After working as a stand-up comedian and appearing in supporting film roles, Rock came to wider prominence as a cast member of Saturday Night Live in the early 1990s. He went on to more prominent film appearances, with starring roles in Down to Earth (2001), Head of State (2003), The Longest Yard (2005), the Madagascar film series (2005–2012), Grown Ups (2010), its sequel Grown Ups 2 (2013), Top Five (2014), and a series of acclaimed stand-up specials for HBO. He developed, wrote, and narrated the sitcom Everybody Hates Chris (2005–2009), which was based on his early life.
Rock hosted the Academy Awards twice, in 2005 and in 2016. He has won four Emmy Awards and three Grammy Awards. He was voted the fifth-greatest stand-up comedian in a poll conducted by Comedy Central. He was also voted in the United Kingdom as the ninth-greatest stand-up comic on Channel 4's 100 Greatest Stand-Ups in 2007, and again in the updated 2010 list as the eighth-greatest stand-up comic.
Christopher Julius Rock was born in Andrews, South Carolina on February 7, 1965. Shortly after his birth, his parents moved to the Crown Heights neighborhood of Brooklyn, New York. A few years later, they relocated and settled in the working class area of Bedford–Stuyvesant. His mother, Rosalie (née Tingman), was a teacher and social worker for the mentally handicapped; his father, Julius Rock, was a truck driver and newspaper deliveryman. Julius died in 1988 after ulcer surgery.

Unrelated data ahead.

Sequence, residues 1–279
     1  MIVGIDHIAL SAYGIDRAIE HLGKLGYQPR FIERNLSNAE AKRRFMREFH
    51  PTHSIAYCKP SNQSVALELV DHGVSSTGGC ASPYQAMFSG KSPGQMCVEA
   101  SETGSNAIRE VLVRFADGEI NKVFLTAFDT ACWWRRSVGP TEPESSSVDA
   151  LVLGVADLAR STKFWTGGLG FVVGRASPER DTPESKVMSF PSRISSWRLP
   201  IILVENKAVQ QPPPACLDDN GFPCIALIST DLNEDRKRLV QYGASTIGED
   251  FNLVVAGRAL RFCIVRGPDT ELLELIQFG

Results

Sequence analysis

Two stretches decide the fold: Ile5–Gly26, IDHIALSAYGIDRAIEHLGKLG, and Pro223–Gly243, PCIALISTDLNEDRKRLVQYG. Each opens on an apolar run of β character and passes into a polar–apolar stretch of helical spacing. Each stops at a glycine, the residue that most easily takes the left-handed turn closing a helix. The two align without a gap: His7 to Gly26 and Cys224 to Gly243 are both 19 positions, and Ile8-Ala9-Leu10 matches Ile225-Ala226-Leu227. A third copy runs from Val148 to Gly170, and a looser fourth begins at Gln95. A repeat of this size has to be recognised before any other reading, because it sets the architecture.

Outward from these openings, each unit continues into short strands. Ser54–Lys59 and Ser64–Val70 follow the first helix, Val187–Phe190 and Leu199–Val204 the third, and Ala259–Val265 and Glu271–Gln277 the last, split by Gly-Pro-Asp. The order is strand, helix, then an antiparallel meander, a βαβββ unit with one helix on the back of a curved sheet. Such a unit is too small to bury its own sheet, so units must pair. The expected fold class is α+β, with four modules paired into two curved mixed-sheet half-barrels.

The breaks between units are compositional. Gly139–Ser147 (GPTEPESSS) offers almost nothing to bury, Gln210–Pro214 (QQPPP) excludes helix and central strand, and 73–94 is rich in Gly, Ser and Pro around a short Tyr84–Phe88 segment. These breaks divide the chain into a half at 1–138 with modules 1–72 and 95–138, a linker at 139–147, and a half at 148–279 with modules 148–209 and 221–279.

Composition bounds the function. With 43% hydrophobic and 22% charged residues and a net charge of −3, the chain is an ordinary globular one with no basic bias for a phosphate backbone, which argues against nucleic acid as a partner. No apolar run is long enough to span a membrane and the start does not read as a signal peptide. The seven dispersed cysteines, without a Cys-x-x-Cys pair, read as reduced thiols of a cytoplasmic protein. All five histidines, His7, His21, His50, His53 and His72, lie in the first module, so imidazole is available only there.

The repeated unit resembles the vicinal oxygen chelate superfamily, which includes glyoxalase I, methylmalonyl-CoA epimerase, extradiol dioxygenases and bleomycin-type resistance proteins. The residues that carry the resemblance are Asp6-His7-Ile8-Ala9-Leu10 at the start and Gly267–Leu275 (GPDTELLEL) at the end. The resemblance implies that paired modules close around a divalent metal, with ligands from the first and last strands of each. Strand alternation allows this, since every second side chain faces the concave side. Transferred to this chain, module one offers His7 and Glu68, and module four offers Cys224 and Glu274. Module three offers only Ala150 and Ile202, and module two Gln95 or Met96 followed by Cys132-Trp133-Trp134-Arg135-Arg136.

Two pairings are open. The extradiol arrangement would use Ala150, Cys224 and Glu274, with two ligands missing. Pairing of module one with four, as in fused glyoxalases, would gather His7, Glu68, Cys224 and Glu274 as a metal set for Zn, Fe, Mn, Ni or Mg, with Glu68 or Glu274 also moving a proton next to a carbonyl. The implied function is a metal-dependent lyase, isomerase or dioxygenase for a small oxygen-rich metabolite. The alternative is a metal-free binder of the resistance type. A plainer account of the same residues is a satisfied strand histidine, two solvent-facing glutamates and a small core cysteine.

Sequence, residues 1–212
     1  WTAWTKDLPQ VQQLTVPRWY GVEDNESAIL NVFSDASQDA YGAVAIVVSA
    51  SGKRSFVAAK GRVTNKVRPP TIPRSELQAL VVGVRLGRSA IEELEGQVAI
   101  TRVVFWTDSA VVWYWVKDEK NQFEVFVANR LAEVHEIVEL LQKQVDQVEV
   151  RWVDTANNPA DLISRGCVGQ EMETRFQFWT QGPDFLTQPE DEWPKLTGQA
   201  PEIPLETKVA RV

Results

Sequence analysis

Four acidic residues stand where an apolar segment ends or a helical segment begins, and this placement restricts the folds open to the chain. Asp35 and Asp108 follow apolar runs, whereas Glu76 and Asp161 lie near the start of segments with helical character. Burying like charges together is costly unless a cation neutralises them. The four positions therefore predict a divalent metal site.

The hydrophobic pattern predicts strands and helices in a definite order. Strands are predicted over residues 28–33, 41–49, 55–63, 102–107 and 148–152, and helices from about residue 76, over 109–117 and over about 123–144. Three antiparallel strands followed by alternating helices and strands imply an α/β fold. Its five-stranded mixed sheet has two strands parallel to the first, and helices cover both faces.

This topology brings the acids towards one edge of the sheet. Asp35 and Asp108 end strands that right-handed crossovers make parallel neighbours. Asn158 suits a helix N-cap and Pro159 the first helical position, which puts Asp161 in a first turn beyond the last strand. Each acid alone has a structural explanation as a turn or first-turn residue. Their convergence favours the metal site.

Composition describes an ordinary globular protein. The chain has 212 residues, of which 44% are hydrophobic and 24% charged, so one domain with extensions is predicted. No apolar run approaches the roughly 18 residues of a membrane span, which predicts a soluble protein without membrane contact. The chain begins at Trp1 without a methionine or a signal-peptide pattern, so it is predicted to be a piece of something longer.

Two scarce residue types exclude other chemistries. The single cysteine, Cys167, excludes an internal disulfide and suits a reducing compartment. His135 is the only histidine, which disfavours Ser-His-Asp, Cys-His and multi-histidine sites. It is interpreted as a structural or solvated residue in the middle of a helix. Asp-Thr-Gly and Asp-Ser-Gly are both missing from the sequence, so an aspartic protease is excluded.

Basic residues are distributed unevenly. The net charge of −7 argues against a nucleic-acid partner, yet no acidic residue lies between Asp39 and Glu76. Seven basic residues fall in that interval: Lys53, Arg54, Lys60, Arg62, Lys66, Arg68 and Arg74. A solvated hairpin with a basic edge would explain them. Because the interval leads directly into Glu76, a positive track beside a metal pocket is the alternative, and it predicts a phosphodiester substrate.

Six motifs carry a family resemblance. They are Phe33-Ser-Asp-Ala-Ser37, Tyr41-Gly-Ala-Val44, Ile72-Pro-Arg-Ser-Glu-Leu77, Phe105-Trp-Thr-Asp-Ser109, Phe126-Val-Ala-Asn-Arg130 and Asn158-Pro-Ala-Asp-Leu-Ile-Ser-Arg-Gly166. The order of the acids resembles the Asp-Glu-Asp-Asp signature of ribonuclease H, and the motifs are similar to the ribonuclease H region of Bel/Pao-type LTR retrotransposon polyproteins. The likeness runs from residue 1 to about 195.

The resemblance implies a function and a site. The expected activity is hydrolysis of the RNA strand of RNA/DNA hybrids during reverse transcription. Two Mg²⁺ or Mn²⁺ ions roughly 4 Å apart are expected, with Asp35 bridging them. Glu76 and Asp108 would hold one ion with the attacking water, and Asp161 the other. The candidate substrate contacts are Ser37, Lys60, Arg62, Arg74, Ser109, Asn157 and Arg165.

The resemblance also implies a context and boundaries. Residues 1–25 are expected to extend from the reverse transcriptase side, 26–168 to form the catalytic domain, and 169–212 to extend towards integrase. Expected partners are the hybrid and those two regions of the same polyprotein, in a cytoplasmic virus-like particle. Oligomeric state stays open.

Chris Rock is one of eight Rock siblings. Chris is the oldest of Julius and Rosalie (Rose) Rock's seven children (six boys and one girl). Chris had an older paternal half-brother Charles Ledell Rock, who died in 2006 after a long struggle with alcoholism.
Rock's family history was profiled on the PBS series African American Lives 2 in 2008. A DNA test showed that he is of Cameroonian descent, specifically from the Udeme (Ouldémé) people of northern Cameroon. Rock's great-great-grandfather, Julius Caesar Tingman, was a slave for 21 years before serving in the American Civil War as part of the United States Colored Troops. During the 1940s, Rock's paternal grandfather moved from South Carolina to New York City to become a taxicab driver and preacher.